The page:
The surprising thing about the dominance of the “other digital video” category is that it excludes what are typically considered the primary recipients of advertisers’ digital video dollars. It does not include major ad-supported streamers like Hulu, Pluto TV or YouTube TV. And it doesn’t include digital video platforms like YouTube and TikTok, both of which are bucketed as “social video” to their likely chagrin.
Instead, the IAB’s report defines “other digital video” as “short-form video from web/app-based publishers.” Vague as that definition is, by deducing the excluded digital video sources, “other digital video” seems to refer to the not-so-premium forms of digital video, such as the videos that publishers inject into text-based article pages simply in order to have video ad inventory to sell.
To be clear, CTV is ascendant. The amount of money going to CTV advertising is growing at a quicker clip than either “other digital video” or social video. And CTV seems to be on pace to take the leading share of digital video dollars next year. But among the factors fueling that will be the deprecation of third-party cookies and mobile IDs.
In other words, as much as CTV on its own may be attractive to advertisers, it is being aided by the fact that that “other digital video” bucket — appealing to advertisers for being cheap and easy to measure and attribute — is becoming unappealing because of the looming limitations advertisers will face in measuring and attributing their online video ads. And even then, only 25% of an undisclosed number of surveyed ad buyers said they plan to shift money away from social video or other digital video ads.
What we’ve covered
CTV platforms and ad-supported streamers kick off NewFronts Day 1:
- TV and tech companies, including Amazon, Fox’s Tubi, NBCUniversal’s Peacock and Vizio, talked up the coming together of traditional TV and streaming.
- The announcements revealed new products designed to insert advertisers into the programming as well as to evaluate the performance of advertisers’ streaming campaigns.
Read more about NewFronts Day 1 here.
With commerce at the center, how an Instagram influencer turned Amazon Live host:
- Instagram influencer Katie Sands was one of the first hosts for Amazon’s shoppable live video program Amazon Live.
- The interview with Sands caps off the Digiday Podcast’s four-part series on creators.
Listen to the latest Digiday Podcast episode here.
How the creator economy is growing amid the pandemic:
- Digiday has produced a series of stories that explore various facets of the creator economy.
- The Creator Machine article collection spans stories how publishers are working with creators, how creators are capitalizing on their intellectual property and how the role of social media manager has changed.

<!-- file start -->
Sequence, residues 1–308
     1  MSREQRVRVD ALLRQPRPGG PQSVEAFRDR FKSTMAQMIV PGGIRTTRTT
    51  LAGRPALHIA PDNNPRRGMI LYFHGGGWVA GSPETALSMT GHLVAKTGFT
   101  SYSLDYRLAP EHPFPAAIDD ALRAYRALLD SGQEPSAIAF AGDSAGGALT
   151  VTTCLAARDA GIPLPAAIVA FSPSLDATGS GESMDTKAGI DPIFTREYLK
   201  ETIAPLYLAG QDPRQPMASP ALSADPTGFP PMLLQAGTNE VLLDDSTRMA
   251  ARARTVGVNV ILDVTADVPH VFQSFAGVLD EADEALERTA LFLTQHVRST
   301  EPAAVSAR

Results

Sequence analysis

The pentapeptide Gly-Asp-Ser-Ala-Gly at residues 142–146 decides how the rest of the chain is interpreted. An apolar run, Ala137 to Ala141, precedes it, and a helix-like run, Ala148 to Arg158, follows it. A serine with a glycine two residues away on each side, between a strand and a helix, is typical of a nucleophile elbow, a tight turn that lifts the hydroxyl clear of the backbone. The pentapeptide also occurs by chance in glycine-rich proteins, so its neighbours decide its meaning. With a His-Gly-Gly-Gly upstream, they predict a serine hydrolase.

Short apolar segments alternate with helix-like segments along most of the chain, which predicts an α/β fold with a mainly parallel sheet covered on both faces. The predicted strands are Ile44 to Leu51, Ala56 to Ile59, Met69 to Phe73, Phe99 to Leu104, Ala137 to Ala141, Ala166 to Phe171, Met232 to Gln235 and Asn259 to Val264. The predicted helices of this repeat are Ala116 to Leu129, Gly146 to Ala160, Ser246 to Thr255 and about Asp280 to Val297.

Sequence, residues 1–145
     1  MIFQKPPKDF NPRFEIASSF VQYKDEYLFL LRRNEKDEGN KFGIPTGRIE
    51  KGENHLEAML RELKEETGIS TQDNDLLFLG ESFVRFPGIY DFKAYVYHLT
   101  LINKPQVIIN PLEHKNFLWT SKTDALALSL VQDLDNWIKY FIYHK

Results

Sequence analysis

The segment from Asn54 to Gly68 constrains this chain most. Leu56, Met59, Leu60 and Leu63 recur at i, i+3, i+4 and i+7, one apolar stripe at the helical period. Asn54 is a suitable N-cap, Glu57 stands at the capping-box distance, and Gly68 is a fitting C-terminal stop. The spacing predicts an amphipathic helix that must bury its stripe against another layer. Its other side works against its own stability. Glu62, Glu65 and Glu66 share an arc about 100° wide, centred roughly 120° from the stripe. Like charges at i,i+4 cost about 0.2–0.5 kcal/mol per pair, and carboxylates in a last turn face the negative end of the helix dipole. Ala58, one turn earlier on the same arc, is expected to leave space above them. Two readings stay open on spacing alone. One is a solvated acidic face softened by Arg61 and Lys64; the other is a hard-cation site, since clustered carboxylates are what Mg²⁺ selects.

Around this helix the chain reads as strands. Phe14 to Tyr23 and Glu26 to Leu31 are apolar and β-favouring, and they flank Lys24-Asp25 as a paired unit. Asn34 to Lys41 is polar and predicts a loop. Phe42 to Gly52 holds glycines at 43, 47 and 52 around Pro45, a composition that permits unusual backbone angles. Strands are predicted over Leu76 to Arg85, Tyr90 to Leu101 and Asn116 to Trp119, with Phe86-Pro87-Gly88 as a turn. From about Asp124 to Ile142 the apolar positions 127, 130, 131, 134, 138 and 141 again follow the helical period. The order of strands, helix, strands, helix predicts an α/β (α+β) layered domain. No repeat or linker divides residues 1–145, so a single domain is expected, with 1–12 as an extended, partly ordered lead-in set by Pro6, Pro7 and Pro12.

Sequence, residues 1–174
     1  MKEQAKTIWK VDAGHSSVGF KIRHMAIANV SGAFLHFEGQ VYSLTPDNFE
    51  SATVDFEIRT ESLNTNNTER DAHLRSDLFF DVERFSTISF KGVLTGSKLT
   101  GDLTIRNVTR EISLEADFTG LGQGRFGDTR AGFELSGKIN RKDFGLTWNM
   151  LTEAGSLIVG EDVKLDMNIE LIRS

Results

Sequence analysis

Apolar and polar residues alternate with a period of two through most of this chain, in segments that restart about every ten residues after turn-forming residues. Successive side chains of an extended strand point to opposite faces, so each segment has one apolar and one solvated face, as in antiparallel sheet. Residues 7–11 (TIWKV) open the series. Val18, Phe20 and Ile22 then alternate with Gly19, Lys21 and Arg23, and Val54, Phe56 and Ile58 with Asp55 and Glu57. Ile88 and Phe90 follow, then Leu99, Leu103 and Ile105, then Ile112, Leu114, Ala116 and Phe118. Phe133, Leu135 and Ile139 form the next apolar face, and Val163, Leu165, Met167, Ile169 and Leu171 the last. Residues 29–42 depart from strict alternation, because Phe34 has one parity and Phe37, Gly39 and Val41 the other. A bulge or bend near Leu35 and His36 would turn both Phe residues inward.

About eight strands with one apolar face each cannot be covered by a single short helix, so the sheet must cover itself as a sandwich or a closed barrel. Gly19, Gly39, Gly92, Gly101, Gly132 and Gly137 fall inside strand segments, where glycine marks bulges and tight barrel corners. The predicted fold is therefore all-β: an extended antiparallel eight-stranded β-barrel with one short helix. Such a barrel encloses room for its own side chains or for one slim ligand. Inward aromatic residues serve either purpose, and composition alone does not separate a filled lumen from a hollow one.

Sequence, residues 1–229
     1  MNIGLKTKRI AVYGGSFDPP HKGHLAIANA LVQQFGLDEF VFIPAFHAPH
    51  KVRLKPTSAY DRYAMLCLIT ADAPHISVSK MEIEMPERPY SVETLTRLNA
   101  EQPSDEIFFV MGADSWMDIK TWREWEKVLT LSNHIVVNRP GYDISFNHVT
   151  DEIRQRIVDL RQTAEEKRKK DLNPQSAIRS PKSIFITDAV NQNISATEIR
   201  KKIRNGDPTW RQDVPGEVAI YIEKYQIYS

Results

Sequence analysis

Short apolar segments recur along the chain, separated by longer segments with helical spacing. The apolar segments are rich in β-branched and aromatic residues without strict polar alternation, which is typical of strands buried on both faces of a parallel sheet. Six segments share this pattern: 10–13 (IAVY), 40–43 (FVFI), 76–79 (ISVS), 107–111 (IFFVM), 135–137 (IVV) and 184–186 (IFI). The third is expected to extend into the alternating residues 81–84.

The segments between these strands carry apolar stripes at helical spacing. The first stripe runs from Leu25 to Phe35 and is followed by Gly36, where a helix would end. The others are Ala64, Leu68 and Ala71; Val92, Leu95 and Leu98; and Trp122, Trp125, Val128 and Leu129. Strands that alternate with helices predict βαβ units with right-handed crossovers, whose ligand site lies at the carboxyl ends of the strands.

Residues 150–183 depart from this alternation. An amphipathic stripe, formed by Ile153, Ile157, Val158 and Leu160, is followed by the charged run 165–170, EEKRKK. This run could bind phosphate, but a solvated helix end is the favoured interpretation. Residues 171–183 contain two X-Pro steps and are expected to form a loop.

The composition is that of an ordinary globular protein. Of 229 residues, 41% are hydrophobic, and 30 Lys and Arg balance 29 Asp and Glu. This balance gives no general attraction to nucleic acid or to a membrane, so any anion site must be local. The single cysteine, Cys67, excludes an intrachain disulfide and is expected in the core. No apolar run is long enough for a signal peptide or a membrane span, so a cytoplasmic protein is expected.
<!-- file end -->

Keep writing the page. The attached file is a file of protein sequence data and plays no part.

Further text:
Read Digiday’s Creator Machine article collection here.
Roku’s active account base reaches 61 million, but growth weighed down by ongoing supply chain issues:
- Roku increased its total revenue and account base in the first quarter of 2022.
- The connected TV platform owner also reported upticks related to its advertising business.
Read more about Roku’s latest earnings report here.
What we’re reading
Roku sees Starz:
Roku and private equity firm Apollo Global Management — which owns Yahoo — are looking to place a joint bid for up to a 20% ownership stake in Starz, according to The Wall Street Journal.
For sale: Vice Studios:
Vice Media Group is looking to sell Vice Studios, which happens to be the media company’s biggest source of revenue, according to The Information.
Comcast-Charter join the CTV platform war:
Connected TV platforms are often described by industry executives as the streaming equivalent of traditional pay-TV providers. Little wonder then that traditional TV providers Comcast and Charter have formed a joint venture to operate a CTV platform and take on the likes of Amazon, Roku and Samsung according to CNBC.
Twitch considers tweaks to creators’ financial take:
Amazon-owned Twitch is weighing whether to incentivize streamers to run more ads as well as to lower the cut some streamers receive for subscription sales, according to Bloomberg.
The counterintuitive upfront pitch:
Linear TV may be eroding, and streaming may be the future, but some TV network owners are seizing on the former as the centerpiece of their upfront pitches to advertisers this year. Those network owners see the subscription-based streaming fight as opening an opportunity for their networks to better compete in the linear TV ad market, according to The Hollywood Reporter.
Hollywood’s COVID guidelines extended:
Film and TV unions have agreed to keep the industry’s COVID protocols in place as they wait to agree to an updated set of guidelines with the Alliance of Motion Picture & Television Producers, according to Deadline.
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‘The opportunity has never been bigger’: How the creator economy has opened options for creators to profit from their intellectual property